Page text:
Does anyone have any suggestions on the cheapest place to buy it at online? I also will need hackles and supplys and such. TIA.
05-01-2001, 11:27 PM
I'm headed to the Shenandoah Valley this weekend for the Apple Blossom Festival in Winchester. My wife grew up in Winchester, and we both went to James Madison U., so I head down that way every two months or so to visit her parents, and college friends. In fact, her father is a friend of Harry's, and her uncle is Harry's family dentist. They picked me up a large assortment of Harry's flies(actually tied by Harry) for Christmas.
I'd recommend picking up some of Harry's Hellgrammite pattern. We have a friend that fishes the Shenandoah 4 days a week and he swears by them. He tells me that he still prefers to use the live ones, but, I'd rather wrestle an alligator than pick up one of those critters.
I'm down that way regularly enough that I could try and scout things out if a clave were to happen. Fishing info would be fairly easy to accumulate, and lodging would be easy enough, I'm sure. In fact, a limo driver that picked me up at Dulles around Christmas time was a guide now that I think of it. We got to talking and it came out that he guided in Florida for 25+ years. His 2nd wife got a job with the Shenandoah park service so he retired to move with her. He drove the limo to break the monotony and meet people, but he fishes the river every day of the week during the season. I'm sure I could track him down as well. I have his card somewhere. That also reminds me, I owe him a case of beer, oops..........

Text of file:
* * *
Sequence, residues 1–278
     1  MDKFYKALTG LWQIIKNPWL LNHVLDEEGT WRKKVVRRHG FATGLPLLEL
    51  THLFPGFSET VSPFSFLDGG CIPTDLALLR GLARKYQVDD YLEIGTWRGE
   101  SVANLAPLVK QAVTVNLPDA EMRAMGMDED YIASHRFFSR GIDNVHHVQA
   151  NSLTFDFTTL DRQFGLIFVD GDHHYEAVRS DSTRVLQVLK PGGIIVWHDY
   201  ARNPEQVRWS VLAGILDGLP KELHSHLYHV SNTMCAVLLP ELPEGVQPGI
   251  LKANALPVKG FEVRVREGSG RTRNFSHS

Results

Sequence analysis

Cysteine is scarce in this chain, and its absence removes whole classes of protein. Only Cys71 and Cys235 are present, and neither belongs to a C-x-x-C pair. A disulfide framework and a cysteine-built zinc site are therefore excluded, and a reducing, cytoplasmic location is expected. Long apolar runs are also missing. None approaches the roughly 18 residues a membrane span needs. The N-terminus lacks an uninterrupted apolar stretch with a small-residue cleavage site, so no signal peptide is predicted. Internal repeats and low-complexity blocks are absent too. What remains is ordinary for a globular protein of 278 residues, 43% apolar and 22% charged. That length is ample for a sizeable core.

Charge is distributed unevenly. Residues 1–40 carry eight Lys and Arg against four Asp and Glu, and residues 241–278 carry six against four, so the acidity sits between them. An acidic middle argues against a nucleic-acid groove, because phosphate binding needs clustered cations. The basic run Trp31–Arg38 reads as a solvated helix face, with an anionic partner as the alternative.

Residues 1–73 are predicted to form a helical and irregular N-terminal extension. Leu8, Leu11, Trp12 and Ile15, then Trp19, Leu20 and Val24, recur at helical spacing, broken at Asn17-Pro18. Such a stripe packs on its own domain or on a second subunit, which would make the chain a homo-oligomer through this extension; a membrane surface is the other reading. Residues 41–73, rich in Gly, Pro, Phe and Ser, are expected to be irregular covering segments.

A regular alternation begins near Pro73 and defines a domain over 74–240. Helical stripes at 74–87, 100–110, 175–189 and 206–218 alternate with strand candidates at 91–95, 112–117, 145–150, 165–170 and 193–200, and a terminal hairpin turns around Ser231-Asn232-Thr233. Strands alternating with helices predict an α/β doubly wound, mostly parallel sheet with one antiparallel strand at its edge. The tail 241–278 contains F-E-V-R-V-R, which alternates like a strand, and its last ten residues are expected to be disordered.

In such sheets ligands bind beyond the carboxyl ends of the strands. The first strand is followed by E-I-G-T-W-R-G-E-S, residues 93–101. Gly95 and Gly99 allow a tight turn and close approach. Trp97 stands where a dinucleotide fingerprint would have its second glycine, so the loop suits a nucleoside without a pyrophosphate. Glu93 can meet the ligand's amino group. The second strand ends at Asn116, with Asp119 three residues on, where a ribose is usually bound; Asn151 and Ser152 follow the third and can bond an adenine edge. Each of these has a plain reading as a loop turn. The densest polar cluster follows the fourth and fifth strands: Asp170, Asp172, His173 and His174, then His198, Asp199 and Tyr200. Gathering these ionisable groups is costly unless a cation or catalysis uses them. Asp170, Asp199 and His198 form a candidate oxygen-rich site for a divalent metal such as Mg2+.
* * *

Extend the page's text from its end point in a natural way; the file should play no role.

The upside to a Shenandoah clave is that my wife and son could travel with me, visit with her parents, and leave me free as Whitey Bulger to fish my butt off.
Where in VA are you located? I have relatives in Alexandria, and Fredericksburg(actually Lake of the Woods in Locust Grove) besides my in-laws in Winchester.
05-07-2001, 09:44 AM
Sorry, I missed your post. As fortune would have it my wife, three children and I were camping on the Shenandoah from 5/2 through 5/6. We had an incredible trip and the Olive and Black Murray's Hellgrammite's slayed more than there fair share of smallmouth's this weekend. What was exceptionally fun however, was that I took my five weight and caught some fourteen to seventeen inch smallies right around 7:00-7:30 on some size 12 Mr. Rapidan's (Harry's all-purpose dry borrowing considerably on the Wulff style). Catching those smallies on the dry fly on a five weight was incredible, it also allowed for a softer presentation as the water levels are quite low right now on both the South and North Fork of the river.
As to where I am located. I am an estate planning attorney in Fairfax. I am currently building a house in Warrenton which will put me only 45 minutes from the Shenandoah Nat. Park. I am hoping to see some of you MA types this summer. My wife has family on the Vineyard and in Falmouth who we try to spend two weeks with every other summer. Looks like late July to early August are going to be the best bets.
If you are down this way again or want help in setting up a clave feel free to send me a private message at email@example.com.
Tight Lines to all,